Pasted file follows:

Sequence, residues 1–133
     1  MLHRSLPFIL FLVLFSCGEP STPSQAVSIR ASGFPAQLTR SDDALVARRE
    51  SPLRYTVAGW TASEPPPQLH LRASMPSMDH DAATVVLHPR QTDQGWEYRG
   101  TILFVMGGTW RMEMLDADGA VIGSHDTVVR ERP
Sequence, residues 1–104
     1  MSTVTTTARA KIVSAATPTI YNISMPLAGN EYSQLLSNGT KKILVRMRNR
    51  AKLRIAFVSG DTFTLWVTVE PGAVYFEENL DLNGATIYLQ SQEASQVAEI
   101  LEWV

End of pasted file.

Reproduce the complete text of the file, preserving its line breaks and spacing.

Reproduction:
Sequence, residues 1–133
     1  MLHRSLPFIL FLVLFSCGEP STPSQAVSIR ASGFPAQLTR SDDALVARRE
    51  SPLRYTVAGW TASEPPPQLH LRASMPSMDH DAATVVLHPR QTDQGWEYRG
   101  TILFVMGGTW RMEMLDADGA VIGSHDTVVR ERP
Sequence, residues 1–104
     1  MSTVTTTARA KIVSAATPTI YNISMPLAGN EYSQLLSNGT KKILVRMRNR
    51  AKLRIAFVSG DTFTLWVTVE PGAVYFEENL DLNGATIYLQ SQEASQVAEI
   101  LEWV